BY EDMUND SMITH-ASANTE
A new report by the African Development Bank (AfDB), has indicated that several projects are underway in Africa to reduce nearly 7 million tonnes CO2 and create more than one million new electricity connections in Africa, with AfDB and CIF support.
The African Development Bank’s “Financing Change: The AfDB and CIF for a Climate-Smart Africa”, is the Bank’s second semi-annual report on its work to implement the Climate Investment Funds (CIF) in Africa, covering July-December 2012.
Although it would have been a big relief for Ghana if it had received mention in the report since it is currently experiencing massive power generation challenges, the country is not mentioned among countries benefitting from the AfDB and CIF investments in electricity generation.
However, the report showcases expected results from projects underway in Kenya, Morocco, Mozambique, Niger and South Africa backed by US $420 million CIF funding and US $1.1 billion of the AfDB’s own funding.
Through the eight projects under implementation, it is expected that 6.9 million tonnes of CO2 emissions will be avoided every year, 1.3 million households and businesses will get new access to power, nearly 42,000 hectares of land will be newly dedicated to climate-resilient activities, and 150,000 farmers will gain access to climate information, including 50,000 women farmers and 3,000 villages.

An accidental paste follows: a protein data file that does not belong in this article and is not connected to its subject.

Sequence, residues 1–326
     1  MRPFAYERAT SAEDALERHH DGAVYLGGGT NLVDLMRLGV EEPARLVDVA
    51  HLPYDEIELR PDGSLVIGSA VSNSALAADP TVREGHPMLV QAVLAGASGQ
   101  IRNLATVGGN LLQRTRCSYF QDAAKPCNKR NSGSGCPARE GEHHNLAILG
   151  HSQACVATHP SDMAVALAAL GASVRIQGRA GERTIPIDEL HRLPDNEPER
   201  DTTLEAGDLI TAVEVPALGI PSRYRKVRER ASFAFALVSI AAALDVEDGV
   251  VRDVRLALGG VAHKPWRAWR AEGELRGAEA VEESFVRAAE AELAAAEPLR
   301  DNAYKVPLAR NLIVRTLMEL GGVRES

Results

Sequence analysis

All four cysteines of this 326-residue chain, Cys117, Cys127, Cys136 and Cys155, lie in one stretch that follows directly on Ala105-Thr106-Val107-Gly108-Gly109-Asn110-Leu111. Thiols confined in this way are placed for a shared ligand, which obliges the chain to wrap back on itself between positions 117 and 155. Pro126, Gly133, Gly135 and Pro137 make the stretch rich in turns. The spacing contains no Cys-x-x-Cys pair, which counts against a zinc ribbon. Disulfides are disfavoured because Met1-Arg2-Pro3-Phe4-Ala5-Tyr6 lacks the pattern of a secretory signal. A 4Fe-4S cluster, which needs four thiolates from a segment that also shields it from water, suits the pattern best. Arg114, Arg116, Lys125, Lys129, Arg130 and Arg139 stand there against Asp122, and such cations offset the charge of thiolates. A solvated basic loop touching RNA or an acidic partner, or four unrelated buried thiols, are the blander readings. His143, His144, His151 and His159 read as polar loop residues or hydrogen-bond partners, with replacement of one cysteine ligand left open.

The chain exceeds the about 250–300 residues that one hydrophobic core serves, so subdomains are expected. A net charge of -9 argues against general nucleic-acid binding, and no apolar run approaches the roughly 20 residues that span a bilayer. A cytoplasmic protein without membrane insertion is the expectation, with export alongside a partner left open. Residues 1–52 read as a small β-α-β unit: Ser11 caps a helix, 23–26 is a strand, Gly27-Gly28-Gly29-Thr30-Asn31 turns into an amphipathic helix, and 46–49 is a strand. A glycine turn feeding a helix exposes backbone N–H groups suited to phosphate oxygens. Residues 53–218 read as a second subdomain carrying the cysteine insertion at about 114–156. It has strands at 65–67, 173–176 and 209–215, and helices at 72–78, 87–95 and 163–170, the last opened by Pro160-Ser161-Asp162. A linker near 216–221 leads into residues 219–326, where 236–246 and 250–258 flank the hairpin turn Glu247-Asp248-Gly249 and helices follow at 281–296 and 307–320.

A publication of the African Development Bank’s Energy, Environment and Climate Change Department (ONEC), the report features a review of the Bank’s support to 17 African countries through its CIF portfolio, which is channeling US $1 billion – more than a third of all CIF investment in Africa – to Africa, with the Energy, Environment and Climate Change Department leading the institutional charge.
AfDB’s report also highlights the work underway with the AfDB and other CIF partners and stakeholders to continue improving the CIF’s effectiveness – exploring new tools and mechanisms, enhancing and simplifying the approach to measuring results, and brokering climate knowledge from the national to the global stage.
Established in 2008 as one of the largest fast-tracked climate financing instruments in the world, the US $7.6 billion CIF provides developing countries with grants, concessional loans, risk mitigation instruments, and equity that leverage significant financing from the private sector, multilateral development banks, (MDBs) and other sources.
Five MDBs – the African Development Bank (AfDB), Asian Development Bank (ADB), European Bank for Reconstruction and Development (EBRD), Inter-American Development Bank (IDB), and World Bank Group (WBG), implement CIF-funded projects and programmes.